While many cars are built for speed, most states have laws prohibiting racing, peeling out, and the like on highways. However, state laws differ in how they define and punish these racing and speed-exhibition offenses. This article explains when and how testing your car’s prowess for speed can result in penalties.
“Exhibition of speed” is a general term that is meant to encompass all the ways drivers endanger others by showing off a car’s ability to accelerate. In most states, exhibitions of speed include peeling out, screeching tires, spinning donuts, or otherwise causing the tires of the vehicle to lose traction during acceleration.
Offenses that could be classified as an exhibition of speed might also be charged as reckless driving.
Illegal speed competitions include street racing and drag racing. But a side-by-side race isn’t the only way to violate these statutes. The speed competition laws of many states also make it illegal to:
Basically, these laws aim to prohibit all forms of racing and speed competitions, regardless of how the participants organize them.
Participants. Illegal street racing can certainly result in citations against participating drivers. But, in some instances, non-driver participants can be cited as well. In many states, a vehicle passenger, spectator, or vehicle owner can be cited for abetting or encouraging a race or speed competition.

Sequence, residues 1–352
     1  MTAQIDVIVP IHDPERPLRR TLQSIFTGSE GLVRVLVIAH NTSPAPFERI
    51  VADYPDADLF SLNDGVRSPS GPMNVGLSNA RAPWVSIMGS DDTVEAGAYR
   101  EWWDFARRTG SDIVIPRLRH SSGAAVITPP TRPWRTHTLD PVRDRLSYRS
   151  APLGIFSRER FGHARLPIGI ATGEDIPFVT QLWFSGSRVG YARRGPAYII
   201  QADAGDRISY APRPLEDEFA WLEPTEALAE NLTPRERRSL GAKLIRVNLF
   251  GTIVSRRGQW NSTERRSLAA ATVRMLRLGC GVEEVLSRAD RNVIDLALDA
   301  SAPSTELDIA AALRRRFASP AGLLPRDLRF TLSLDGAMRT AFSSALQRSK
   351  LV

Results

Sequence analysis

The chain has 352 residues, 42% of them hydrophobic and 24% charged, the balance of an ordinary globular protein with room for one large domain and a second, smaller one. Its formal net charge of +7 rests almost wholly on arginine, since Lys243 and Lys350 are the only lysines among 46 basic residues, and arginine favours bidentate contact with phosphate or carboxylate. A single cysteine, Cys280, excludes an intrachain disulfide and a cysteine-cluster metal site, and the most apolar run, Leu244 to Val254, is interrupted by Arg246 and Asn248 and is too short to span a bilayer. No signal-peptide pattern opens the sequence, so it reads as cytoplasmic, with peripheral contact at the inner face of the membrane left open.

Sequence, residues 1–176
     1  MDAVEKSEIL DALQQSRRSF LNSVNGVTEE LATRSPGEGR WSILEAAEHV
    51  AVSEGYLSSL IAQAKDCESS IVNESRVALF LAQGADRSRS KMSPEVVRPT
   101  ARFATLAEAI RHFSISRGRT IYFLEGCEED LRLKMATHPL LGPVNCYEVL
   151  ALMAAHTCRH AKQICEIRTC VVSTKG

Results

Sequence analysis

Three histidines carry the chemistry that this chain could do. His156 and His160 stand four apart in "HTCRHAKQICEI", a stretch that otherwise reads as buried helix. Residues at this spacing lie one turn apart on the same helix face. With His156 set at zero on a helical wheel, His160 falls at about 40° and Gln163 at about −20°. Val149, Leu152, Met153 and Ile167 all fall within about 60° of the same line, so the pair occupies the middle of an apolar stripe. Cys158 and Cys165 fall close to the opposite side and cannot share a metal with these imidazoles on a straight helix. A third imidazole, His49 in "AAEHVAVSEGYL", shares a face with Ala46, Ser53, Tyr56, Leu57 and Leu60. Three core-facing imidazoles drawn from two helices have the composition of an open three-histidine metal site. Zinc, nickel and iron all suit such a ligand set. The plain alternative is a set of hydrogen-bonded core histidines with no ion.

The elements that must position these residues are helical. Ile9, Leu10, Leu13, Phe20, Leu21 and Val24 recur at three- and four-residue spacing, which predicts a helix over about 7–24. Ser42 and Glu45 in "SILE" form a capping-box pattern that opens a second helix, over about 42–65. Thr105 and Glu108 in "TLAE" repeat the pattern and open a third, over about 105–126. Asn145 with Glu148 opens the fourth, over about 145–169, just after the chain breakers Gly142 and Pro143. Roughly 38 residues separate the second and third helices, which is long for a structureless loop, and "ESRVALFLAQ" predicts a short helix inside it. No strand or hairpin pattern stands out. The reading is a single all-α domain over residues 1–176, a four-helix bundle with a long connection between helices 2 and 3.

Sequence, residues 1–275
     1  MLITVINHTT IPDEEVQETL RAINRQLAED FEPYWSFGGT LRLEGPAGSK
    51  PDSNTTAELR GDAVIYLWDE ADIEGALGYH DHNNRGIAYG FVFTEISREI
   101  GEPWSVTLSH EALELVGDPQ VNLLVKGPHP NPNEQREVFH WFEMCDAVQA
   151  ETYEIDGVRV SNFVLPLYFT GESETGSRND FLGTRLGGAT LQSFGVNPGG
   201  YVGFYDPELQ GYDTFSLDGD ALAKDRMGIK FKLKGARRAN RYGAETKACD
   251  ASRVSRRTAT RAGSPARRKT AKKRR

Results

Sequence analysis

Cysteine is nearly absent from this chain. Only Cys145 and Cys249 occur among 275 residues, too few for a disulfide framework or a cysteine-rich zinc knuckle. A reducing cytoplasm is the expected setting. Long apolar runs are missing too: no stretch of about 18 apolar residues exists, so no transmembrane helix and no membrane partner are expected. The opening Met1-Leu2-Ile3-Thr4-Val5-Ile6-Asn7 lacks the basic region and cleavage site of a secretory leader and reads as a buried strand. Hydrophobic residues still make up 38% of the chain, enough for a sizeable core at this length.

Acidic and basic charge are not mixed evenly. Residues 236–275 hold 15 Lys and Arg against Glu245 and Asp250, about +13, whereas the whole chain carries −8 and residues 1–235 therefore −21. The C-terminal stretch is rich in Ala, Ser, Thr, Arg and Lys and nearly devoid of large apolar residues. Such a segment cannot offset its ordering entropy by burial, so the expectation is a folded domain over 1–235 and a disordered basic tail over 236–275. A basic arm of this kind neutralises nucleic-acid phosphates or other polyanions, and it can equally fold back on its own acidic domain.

Exceptions. Prohibitions on speed competitions generally apply only to highways and public roads. Authorized racing on private, licensed tracks is perfectly legal. Certain driving maneuvers and accelerations can also be appropriate in different situations and environments. So, the legality of a driver’s conduct depends on the specific circumstances.
Most states classify exhibition of speed as a traffic infraction or misdemeanor. A conviction might carry a fine of up to a couple hundred dollars or more and possible jail time.
Street racing is generally a misdemeanor. A street racing conviction normally carries up to a few months in jail and a maximum of $1,000 in fines. In many states, a street racing conviction can also result in license suspension and vehicle impoundment. Also, repeat offenders and offenders who injure someone else typically face much more serious consequences such as mandatory jail or prison time and thousands of dollars in fines. And street racing offenses that result in the death of another person could lead to vehicular homicide charges.